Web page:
When Japan’s traditional Diet shifted more towards its Western counterpart, Alzheimer’s rates soared (along with waistlines) from 1 percent in 1985 to 7 percent in 2008.

Certain foods raise Alzheimer’s risk. But this latest study is the latest in a string of evidence showing that Diet is a significant form of natural Alzheimer’s treatment options. What you eat (and don’t eat) matters. Let’s take a closer look.


Science Says These Foods Raise Alzheimer’s Risk

Red Meat 

While I’m a fan of red meat, too much of a good thing might increase your chances of Alzheimer’s.

(And, of course, eating low-quality red meat is a big no-no.)

Red meat is an iron-rich food.

And though your body needs enough iron to avoid anemia, chronic fatigue, and muscle weakness,

too much iron can speed up damage created from too many free radicals unleashed in our bodies.

As the iron builds up in the brain, it does so in an area known as “gray matter,” a part of the brain that shows one of the first signs of degeneration as we age.

Too much iron in that area seems to speed up the process even more.

That doesn’t mean saying goodbye to hamburgers and steaks,

Rather, being mindful of how much you’re eating a week and choosing the best quality, grass-fed beef available is key.

Refined Carbohydrates & Sugars

If you needed another reason to stay away from starchy pasta and bread, here’s one. Diets high in carbohydrates and sugar can raise your risk of Alzheimer’s disease.

A 2012 study found that people 70 years or older who ate a diet heavy in carbohydrates were almost four times more likely to develop Alzheimer’s than their healthier eating counterparts.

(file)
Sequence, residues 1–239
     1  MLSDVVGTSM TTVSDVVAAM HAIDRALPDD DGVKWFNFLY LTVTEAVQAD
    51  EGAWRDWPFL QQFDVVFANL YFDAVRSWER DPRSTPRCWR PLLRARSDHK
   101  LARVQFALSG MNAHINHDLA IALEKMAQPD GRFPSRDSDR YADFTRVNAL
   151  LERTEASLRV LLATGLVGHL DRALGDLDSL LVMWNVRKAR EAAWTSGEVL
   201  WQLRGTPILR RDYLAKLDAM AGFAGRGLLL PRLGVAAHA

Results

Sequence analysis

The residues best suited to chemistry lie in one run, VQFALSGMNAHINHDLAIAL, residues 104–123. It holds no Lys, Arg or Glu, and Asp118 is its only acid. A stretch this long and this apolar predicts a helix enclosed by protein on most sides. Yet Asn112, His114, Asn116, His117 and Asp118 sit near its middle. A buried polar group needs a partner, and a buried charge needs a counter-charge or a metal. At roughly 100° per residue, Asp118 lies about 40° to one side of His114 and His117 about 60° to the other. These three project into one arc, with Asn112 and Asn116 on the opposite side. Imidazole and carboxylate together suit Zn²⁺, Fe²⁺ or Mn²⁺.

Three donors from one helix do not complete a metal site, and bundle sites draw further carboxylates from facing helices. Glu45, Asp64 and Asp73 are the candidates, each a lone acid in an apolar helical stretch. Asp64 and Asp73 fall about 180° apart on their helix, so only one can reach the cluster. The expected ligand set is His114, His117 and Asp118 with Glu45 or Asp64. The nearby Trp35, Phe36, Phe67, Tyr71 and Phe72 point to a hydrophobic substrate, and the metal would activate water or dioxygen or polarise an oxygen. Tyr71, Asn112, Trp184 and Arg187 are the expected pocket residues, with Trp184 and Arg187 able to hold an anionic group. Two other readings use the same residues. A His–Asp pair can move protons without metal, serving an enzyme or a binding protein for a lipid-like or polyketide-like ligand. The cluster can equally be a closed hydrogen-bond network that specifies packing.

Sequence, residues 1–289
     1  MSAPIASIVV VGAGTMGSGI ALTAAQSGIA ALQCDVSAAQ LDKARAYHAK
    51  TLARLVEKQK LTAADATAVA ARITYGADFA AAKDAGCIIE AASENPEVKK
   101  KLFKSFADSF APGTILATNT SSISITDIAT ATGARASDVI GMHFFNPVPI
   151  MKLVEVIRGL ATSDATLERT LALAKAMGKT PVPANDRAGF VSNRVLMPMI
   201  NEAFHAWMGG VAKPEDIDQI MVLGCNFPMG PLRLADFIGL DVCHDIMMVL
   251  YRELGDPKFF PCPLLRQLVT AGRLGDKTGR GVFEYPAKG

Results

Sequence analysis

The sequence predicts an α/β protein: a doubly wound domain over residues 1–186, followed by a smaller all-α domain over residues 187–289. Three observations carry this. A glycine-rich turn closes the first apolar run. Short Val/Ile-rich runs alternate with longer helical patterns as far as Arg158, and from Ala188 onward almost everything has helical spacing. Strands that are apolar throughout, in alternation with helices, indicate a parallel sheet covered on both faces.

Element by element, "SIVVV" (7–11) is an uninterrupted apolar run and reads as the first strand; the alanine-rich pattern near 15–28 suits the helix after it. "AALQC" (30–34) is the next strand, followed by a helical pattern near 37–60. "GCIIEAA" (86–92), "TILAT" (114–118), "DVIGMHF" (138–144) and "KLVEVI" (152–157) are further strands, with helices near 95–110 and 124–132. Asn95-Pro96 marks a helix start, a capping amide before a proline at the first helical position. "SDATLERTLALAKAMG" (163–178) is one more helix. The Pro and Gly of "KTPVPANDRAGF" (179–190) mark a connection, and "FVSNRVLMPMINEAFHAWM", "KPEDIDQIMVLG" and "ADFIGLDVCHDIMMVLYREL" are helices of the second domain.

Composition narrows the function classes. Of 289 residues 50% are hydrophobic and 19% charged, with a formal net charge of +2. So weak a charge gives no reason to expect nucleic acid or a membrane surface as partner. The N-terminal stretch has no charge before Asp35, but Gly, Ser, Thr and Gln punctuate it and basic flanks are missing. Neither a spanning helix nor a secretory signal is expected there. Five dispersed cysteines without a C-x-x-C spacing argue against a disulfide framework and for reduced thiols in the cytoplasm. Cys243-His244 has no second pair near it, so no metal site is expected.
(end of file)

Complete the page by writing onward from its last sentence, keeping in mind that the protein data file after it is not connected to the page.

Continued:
That spike in Alzheimer’s is far beyond common age-related issues you’d expect to see in regards to memory and thinking.

This makes the sugar industry scandal even more devastating.

Industry-funded Harvard research in the 1960s blamed downplayed sugar’s role in coronary heart disease.

Today, we know sugar’s role goes far beyond heart disease and dramatically impacts the brain, too.

The theory behind why carbohydrates, which are often loaded with sugar (check out a white bread label sometime!),

affect the brain so firmly is that carbs raise glucose and insulin levels rapidly, causing a blood sugar spike.

Eventually, that can lead to insulin resistance over time.

(In fact, reversing diabetes naturally could be one of the best things you can do for your brain since Alzheimer’s is now being pegged “type 3 diabetes.)

The more our bodies ignore insulin, the more our pancreas produces.

These high insulin levels now coursing through the body might damage blood vessels in the brain, leading to memory issues.

In fact, in Alzheimer’s patients, parts of the brain become resistant to insulin — and while researchers aren’t sure why there seems to be a link between diabetes and Alzheimer’s.

High-AGE Foods

No, not old foods! “AGEs” stands for advanced glycation end products.

These are chemicals that are found both naturally in our bodies and some foods.

Scientists previously linked diets high in AGEs to diabetes and poor cardiovascular health. Now it seems it might play a role in a declining brain.

When foods raise Alzheimer’s risk, AGEs are top of the list.

A 2014 study first examined the role of AGE in mice. After feeding the creatures three different diets, one low in AGEs, one high in AGEs, and a “normal” food — those mice who were eating the least amount of AGEs enjoyed the improved cognitive function. 

Next, the researchers put their theory to the test with humans. They studied the diets of 90 healthy people 60 years old or older.

Those with high-AGE diets fared the worst, showing a decline throughout the 9-month study.

The National Institute on Aging (NIA) also published a study in 2017 that linked high glucose levels with severe Alzheimer’s disease.